14. I’m confused as to why, when you’re promoting real food, you would recommend anyone eating hotdogs? Seems completely out of alignment with your message to me.

    1. Lots of butchers/farms who have grass-fed cows and pigs make their own hot dogs, or “Longaniza” as my local farm calls them. They may not be AS good as an intact slab of meat, but many times better and healthier than most store-bought hotdogs.

  15. Instead of canned pizza sauce, I use organic crushed tomatoes and just add my own spices to taste. I can then freeze any leftovers and have pizza sauce handy at anytime. Plus, no added sweeteners or sugars.

  16. An easy alternative to jarred pasta sauce and just as quick is a large can of crushed tomatoes. Add in some italian seasoning and you have pasta sauce without any additives and the best part – no heartburn. It tastes easy and fresh. Whatever jarred sauces I used to used my husband always complained of heartburn – not at all since I started using crushed tomatoes – if I want chunkier sauce I’ll throw in a can of diced tomatoes. Just make sure its the low/no sodium ones and no seasonings. We use this as a pizza sauce too.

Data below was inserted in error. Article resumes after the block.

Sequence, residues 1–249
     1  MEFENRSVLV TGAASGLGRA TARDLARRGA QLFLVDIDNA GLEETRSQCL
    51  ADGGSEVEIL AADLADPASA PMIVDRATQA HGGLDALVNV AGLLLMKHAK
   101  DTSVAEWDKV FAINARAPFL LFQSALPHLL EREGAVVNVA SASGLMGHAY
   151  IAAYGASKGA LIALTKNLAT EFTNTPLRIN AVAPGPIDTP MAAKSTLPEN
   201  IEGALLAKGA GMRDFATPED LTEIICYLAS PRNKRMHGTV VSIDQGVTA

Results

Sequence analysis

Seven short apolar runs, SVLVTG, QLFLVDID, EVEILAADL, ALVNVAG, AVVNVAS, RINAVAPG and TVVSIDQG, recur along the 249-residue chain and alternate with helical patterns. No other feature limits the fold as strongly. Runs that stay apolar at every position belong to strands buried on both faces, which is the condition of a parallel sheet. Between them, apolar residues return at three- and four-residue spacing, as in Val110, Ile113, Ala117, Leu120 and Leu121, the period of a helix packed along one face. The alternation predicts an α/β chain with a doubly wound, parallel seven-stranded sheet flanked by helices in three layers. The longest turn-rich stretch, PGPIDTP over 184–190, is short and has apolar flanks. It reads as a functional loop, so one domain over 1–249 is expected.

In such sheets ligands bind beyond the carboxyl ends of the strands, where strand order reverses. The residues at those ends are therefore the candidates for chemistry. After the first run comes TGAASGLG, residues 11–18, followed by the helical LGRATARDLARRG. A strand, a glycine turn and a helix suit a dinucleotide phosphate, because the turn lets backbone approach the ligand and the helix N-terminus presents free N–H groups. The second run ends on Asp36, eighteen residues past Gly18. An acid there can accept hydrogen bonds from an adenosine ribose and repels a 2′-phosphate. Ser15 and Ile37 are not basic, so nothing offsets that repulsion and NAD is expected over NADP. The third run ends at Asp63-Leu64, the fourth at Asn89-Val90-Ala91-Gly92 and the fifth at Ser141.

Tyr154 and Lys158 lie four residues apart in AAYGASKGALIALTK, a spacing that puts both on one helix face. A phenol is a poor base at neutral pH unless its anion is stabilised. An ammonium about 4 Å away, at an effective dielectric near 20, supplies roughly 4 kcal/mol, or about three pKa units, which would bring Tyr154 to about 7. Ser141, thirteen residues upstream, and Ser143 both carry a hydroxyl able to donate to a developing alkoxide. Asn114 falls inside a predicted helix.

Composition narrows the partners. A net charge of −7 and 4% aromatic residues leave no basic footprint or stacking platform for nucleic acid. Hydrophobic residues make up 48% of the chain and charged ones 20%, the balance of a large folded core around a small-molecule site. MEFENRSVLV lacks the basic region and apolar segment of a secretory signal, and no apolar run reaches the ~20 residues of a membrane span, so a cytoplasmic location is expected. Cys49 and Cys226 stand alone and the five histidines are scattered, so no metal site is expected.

17. Fantastic. This makes me feel less guilty for serving scrambled eggs and fruit for dinner (one of my kids favorite meal!). I make homemade whole wheat waffles in batches and freeze them, then defrost to serve with the eggs on “breakfast for dinner” night.

    PS – Thanks for the guidance on the Annie’s!!! My little girl loves it but I was suspicious of the ingredients on several varieties.

  18. Raechel Mayfield

    I like to make cheater chicken parm on nights where the kids have a lot of homework or projects. It’s quick to put together and cooks while I assist them with their homework. I keep organic grass fed chicken nuggets on hand along with organic pasta sauce and organic noodles. My boys love pasta night 